Thursday, April 3, 2008

Protocols, Protocols, and More Protocols!

Because the functions provided by a VPN include tunneling, data integrity, and authentication, it makes sense that a VPN is not created using a single protocol. Instead, several protocols can be used to create a VPN, each performing a particular function. In this section the following protocols are briefly examined:

For the most part, only IPSec should be a major factor in VPNs in the coming years. PPTP was used by Windows NT 4.0 as part of its VPN package, and L2TP has replaced it in Windows 2000 and Windows XP VPNs. L2TP is basically just the PPTP protocol combined with the L2F protocol developed by Cisco. However, most VPN vendors are using the IPSec protocols instead, which are described in greater detail than PPTP and L2TP. The IPSec protocols incorporate some of the security mechanisms that were originally designed to be included in IPv6 but have been adapted for use in the existing IPv4 network.

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Before you adopt a particular VPN solution, you should determine if the connection will be used by PDAs, Pocket PCs, or smartphones. Many of these devices do not include integrated VPN support, but in some cases updates to the operating system or third-party software does provide this functionality as an additional feature. IPSec is the most common VPN protocol supported by hand-held devices.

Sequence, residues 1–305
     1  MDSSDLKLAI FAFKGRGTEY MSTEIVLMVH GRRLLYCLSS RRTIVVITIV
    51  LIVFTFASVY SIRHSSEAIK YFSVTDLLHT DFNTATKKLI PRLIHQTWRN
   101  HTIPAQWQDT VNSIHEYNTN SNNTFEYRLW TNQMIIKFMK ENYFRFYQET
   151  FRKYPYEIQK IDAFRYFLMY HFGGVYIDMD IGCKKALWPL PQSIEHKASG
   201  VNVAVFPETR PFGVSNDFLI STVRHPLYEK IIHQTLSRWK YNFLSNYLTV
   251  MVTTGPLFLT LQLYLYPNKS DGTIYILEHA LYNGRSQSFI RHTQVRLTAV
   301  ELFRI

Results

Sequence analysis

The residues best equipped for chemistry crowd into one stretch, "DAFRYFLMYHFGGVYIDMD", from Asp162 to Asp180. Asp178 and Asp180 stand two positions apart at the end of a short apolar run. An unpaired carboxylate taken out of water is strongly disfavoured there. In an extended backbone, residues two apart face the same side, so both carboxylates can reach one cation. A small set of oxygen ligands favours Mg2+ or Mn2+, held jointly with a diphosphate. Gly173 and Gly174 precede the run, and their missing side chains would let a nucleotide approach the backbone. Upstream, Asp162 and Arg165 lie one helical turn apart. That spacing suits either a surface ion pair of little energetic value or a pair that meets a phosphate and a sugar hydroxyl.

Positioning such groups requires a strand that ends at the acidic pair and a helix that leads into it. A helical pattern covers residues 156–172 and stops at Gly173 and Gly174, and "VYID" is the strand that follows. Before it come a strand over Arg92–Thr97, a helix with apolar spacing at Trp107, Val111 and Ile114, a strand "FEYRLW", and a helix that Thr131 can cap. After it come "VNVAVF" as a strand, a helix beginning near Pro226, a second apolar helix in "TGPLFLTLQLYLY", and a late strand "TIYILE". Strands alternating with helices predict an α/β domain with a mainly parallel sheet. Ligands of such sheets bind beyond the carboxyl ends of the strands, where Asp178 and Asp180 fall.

IPSec Protocols

As noted previously, IPSec is the emerging standard being adopted by more and more VPN vendors. IPSec was derived from concepts that were originally designed to provide for secure communications in the next generation of the IP protocol, IPv6, which is gradually being developed.

Although Microsoft chooses to use L2TP and IPSec in combination as its VPN solution for Windows 2000 and Windows XP, many hardware and software vendors are sticking with a simple IPSec solution.

The good news is that if you decide on an all-IPSec solution, you can be virtually assured that equipment (or software) from one vendor to another will work together. If you have an all-Windows server environment, this might be of no concern. For those who operate multiprotocol networks, IPSec might be the best choice. As noted previously, IPSec is also the most widely supported VPN protocol on handheld devices.

IPSec is a standard defined in several Request for Comments (RFC) documents. IPSec is transparent to the end user and can traverse the Internet using standard IPv4 routers and other equipment without requiring any modification because it operates at the Network layer. IPSec is also flexible, allowing for the negotiation and use of many different encryption and authentication techniques.

The three main components of IPSec are the following:

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